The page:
Wendy Cheng, Assistant Professor
School of Social Transformation Faculty
Arizona State University

A Black-Japanese Amerasian reflects on life in the present, with the traces of wars and their aftermaths.

In Dream of the Water Children, Fredrick Kakinami Cloyd delineates the ways imperialism and war are experienced across and between generations and leave lasting and often excruciating legacies in the mind, body, and relationships. The book is particularly good in detailing these costs as experienced by women and children, most vividly in cataloguing the life and emotions of Cloyd’s mother, and of Cloyd himself as a child and young man.

In incident after incident of military violence, sexual violence, social ostracism, intrafamilial cruelty, self-harm, and bullying, Cloyd shows how the social conditions created by war reverberate in our most intimate relationships. At the same time, Cloyd and his mother are never just victims: Cloyd’s spirited mother in particular defies stereotypes of Asian women and war brides as passive and silent. Throughout, Cloyd also traces moments of friendship and communal support among women and children of other mixed-race military families, as they navigated the conditions of multiple societies and cultural norms…

Read the entire preview here.

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Dream of the Water Children: Memory and Mourning in the Black Pacific

Posted in Asian Diaspora, Biography, Books, Forthcoming Media, Monographs on 2016-01-18 19:45Z by Steven

Dream of the Water Children: Memory and Mourning in the Black Pacific

2Leaf Press
June 2016
appx. 500 pages
Paperback ISBN-13: 978-1-940939-28-5
ePub ISBN-13: 978-1-940939-29-2

Fredrick D. Kakinami Cloyd

Introduction by Gerald Horne
Foreword by Velina Hasu Houston
Edited by Karen Chau

Fredrick D. Kakinami Cloyd’s debut, Dream of the Water Children: Memory and Mourning in the Black Pacific, is a lyrical and compelling memoir about a son of an African American father and a Japanese mother who has spent a lifetime being looked upon with curiosity and suspicion by both sides of his ancestry and the rest of society. Cloyd begins his story in present-day San Francisco, reflecting back on a war-torn identity from Japan, U.S. military bases, and migration to the United States, uncovering links to hidden histories.

Dream of the Water Children tells two main stories: Cloyd’s mother and his own. It was not until the author began writing his memoir that his mother finally addressed her experiences with racism and sexism in Occupied Japan. This helped Cloyd make better sense of, and reckon with, his dislocated inheritances. Tautly written in spare, clear poetic prose, Dream of the Water Children delivers a compelling and surprising account of racial and gender interactions. It tackles larger social histories, helping to dispel some of the great narrative myths of race and culture embedded in various identities of the Pacific and its diaspora.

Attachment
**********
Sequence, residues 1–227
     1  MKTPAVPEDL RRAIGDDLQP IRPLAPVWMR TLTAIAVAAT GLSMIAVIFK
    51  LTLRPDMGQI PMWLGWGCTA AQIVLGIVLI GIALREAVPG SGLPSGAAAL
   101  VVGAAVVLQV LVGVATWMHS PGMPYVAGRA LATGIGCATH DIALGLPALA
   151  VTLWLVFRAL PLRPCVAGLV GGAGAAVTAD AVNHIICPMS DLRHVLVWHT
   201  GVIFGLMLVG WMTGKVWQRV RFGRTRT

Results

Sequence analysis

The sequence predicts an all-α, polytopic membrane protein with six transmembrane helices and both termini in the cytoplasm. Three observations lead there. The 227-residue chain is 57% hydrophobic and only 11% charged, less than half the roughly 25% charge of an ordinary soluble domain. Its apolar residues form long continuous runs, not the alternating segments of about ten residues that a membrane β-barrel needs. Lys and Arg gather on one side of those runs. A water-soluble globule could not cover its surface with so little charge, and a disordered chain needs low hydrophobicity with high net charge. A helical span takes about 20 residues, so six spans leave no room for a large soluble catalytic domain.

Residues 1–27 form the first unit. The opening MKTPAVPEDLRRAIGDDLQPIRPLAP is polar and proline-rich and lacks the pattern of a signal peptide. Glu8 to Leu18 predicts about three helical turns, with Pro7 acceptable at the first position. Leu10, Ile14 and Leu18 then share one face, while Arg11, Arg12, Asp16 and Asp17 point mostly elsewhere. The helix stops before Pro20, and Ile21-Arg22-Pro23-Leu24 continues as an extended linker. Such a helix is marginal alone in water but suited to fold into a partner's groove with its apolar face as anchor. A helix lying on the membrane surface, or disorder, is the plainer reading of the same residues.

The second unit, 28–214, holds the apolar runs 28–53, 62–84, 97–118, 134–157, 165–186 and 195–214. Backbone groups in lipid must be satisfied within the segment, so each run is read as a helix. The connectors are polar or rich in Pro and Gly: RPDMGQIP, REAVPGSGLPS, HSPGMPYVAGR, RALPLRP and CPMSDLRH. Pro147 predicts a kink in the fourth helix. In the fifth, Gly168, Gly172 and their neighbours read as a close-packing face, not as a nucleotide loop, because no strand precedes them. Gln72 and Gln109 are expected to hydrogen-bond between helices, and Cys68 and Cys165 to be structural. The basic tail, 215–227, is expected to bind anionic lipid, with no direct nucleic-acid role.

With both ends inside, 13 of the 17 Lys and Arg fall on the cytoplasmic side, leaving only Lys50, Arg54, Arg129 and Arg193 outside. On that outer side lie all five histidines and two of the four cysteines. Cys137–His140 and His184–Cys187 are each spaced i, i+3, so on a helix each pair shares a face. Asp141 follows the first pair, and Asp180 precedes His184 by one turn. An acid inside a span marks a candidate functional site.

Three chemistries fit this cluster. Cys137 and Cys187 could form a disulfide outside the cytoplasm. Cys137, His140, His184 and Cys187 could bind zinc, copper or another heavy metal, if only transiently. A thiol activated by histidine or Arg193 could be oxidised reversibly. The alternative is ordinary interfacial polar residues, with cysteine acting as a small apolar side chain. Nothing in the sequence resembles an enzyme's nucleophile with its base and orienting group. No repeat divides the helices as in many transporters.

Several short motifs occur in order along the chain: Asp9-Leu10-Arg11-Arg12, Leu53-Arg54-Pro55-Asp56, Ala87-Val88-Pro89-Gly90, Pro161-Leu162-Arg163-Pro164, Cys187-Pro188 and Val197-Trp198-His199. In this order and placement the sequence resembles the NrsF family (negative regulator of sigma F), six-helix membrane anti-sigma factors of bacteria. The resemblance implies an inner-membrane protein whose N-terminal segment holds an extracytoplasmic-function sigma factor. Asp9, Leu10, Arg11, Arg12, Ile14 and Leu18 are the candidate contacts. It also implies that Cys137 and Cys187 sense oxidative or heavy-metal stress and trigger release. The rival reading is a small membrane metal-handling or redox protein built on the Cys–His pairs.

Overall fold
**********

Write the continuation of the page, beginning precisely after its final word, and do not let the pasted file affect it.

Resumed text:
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A Russian-Chinese woman witnesses the ups and downs of the two nations’ ties

Posted in Articles, Asian Diaspora, Biography, History, Media Archive on 2016-01-17 22:45Z by Steven

A Russian-Chinese woman witnesses the ups and downs of the two nations’ ties

Global Times: Discover China, Discover The World
2015-10-30

Zhou Yu


Li Yingnan stands in her home. Her home is filled with Chinese and Russian books and decorations. Photo: Li Hao/GT

It was a sunny August day in Moscow when three shuttle buses stopped at Red Square. A group of women were the first of the dozens of tourists to step off the buses. Though their appearances were barely different from those of ordinary Russians, they were, in fact, Chinese citizens, aged between 50 to 80.

“I was born in Moscow,” said one 80-year-old lady tearfully.

The ladies belonged to a tour group called Russian Mothers Seeking Roots in Russia, and all were the descendants of Russians. It was the first time since the end of World War II that a group of people seeking their roots had been organized by Chinese citizens.

For the next seven days, they would tour major sites in Moscow and St. Petersburg. These old ladies were so excited to see their ancestors’ hometowns, some even dancing on Red Square. Russian WWII veterans told them about the joint military operations between the two countries during the war.

Most of the group members’ mothers were Russians who came to China during the 1930s. In the 1920s, there were around 200,000 Chinese laborers who lived and worked in Russia doing construction work or running shops. Some Chinese workers participated in the Russian Revolution in 1917, and others even joined Russia’s Red Army.

At the end of the 1920s, when the Soviet Union’s strict economic planning system was implemented, the Soviet government closed down all private shops and forced Chinese shop owners to leave the country. Many of these Chinese businessmen had married Russian women, who followed their husbands back to China. Due to Russia’s geographical proximity of Xinjiang, most of these Russian-Chinese couples settled in Xinjiang and the women became Chinese citizens. There are around 15,000 such descendants of Russians still in China…

Read the entire article here.